The manner in which a rotation of the image may be made to compensate for forward image motion may be understood with reference to FIG. 2 where forward camera motion is indicated by arrow 62 and forward image motion by arrow 64; Film 32' is exposed to the image by light through slit 65 between elements 66 and 68; on the otherside of each of elements 66 and 68 no light reaches film 32. Forward image motion 64 is caused by the motion, arrow 70, of the camera, lens 72, FIG. 3, over the ground as it photographs the object 74 on the ground. The forward motion of the image 76 is apparent by the shifting, dashed lines, of rearward ray 78 and forward ray 80, and image 76 as lens 72 moves forward.
Because of the rotation of the image, the image motion is not confined to motion across slit 65 and film 32 in a direction, arrow 82, parallel to the scan on the ground or the cross-track axis 84 offilm 32' as normally would be the case.
Rather, the image has a motion across slit 65 in the direction of vector 86. Vector 86 may be resolved into an along-track component 90 and cross-track component 92. Component 92 is parallel to the scan over the ground. Component 90 is parallel to the forward image motion but in the opposite direction. Since the forward image motion 64 and component 90 are in opposite-directions. component 90 may be used to cancel or minimize the forward image motion, and to do so without any additional mechanisms or differential motions between parts of the camera.
ground as is shown in FIG. 1, but may be slanted in order to perform an oblique scan as is often desirable when the photographs are to be viewed in stereo apparatus.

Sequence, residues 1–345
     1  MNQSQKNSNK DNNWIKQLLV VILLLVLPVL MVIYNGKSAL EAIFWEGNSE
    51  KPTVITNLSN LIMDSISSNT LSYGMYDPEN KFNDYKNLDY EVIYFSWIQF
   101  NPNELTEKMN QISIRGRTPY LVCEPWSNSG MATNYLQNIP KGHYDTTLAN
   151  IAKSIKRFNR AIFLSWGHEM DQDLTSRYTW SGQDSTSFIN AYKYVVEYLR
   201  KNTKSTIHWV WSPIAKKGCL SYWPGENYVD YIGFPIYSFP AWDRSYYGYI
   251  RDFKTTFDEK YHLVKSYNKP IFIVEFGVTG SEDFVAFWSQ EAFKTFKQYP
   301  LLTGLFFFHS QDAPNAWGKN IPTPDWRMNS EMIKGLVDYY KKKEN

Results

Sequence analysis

in the embodiment discussed in FIG. 1 the optical axis 14 and the axis of rotation of the scanning mechanism are coincident: this is not necessary for the invention. The mirrors l and 12 may be displaced equally in the same direction from the scanning axis so that the optic axis is parallel to but not coincident with the scanning axis, or may be displaced unequally or in different directions, or both, from the scanning axis so that the optic axis is skew to the scanning axis.
The term scanning mechanism as used herein includes all parts of the optical system between the object and the image including the image rotating means. The image rotating means, such as the mirrors l0 and 12 need not perform the scanning function of the camera but may be used only for rotation of the image as in the case of the nodal point scanning type of panoramic camera.
The rotation of the image may be accomplished anywhere along the optic axis. Further, the rotation is a fixed rotation about the optic axis, not one that changes during scanning or between scans. The distinction between the fixed rotation of the image rotating means about the optic axis and the ability.
of the image rotating means to rotate with the optic axis is demonstrated in FIG. 1. There the image rotating means. mirrors and 12, because the optic path between them, i.e. optic axis 14, is coincident with the axis of scan rotation, rotate with the optic axis 14. That is, mirrors 10 and 12, lens 60, and optic axis 14 from object 22 to mirror 10, between mirrors l0 and 12 and from mirror 12 to image 28, all rotate as a unit with the portion of the optic axis 14 which is coincident with the scanning axis. All parts of the scanning mechanism and its optic axis rotate as one. This rotation provides the scan but does not produce rotation of the image: it is the rotational offset between mirrors 10 and 12, in FIG. 1,?